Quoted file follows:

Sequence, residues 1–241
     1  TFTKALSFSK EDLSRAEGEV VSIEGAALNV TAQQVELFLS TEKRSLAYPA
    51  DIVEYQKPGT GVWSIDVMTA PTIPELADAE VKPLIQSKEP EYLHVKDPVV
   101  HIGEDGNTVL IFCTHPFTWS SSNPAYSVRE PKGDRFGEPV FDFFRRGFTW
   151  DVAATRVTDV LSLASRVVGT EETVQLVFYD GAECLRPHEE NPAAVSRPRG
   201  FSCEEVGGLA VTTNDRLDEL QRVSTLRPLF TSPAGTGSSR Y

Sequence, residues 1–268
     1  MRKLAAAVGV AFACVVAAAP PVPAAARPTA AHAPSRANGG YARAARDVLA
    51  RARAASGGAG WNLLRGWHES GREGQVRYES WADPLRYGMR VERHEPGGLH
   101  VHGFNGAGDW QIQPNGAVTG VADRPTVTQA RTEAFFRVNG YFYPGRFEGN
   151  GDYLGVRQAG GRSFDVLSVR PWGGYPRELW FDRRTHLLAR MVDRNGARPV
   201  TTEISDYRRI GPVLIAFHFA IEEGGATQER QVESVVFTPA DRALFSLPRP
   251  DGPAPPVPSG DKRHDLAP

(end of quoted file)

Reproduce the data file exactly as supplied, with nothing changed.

Sequence, residues 1–241
     1  TFTKALSFSK EDLSRAEGEV VSIEGAALNV TAQQVELFLS TEKRSLAYPA
    51  DIVEYQKPGT GVWSIDVMTA PTIPELADAE VKPLIQSKEP EYLHVKDPVV
   101  HIGEDGNTVL IFCTHPFTWS SSNPAYSVRE PKGDRFGEPV FDFFRRGFTW
   151  DVAATRVTDV LSLASRVVGT EETVQLVFYD GAECLRPHEE NPAAVSRPRG
   201  FSCEEVGGLA VTTNDRLDEL QRVSTLRPLF TSPAGTGSSR Y

Sequence, residues 1–268
     1  MRKLAAAVGV AFACVVAAAP PVPAAARPTA AHAPSRANGG YARAARDVLA
    51  RARAASGGAG WNLLRGWHES GREGQVRYES WADPLRYGMR VERHEPGGLH
   101  VHGFNGAGDW QIQPNGAVTG VADRPTVTQA RTEAFFRVNG YFYPGRFEGN
   151  GDYLGVRQAG GRSFDVLSVR PWGGYPRELW FDRRTHLLAR MVDRNGARPV
   201  TTEISDYRRI GPVLIAFHFA IEEGGATQER QVESVVFTPA DRALFSLPRP
   251  DGPAPPVPSG DKRHDLAP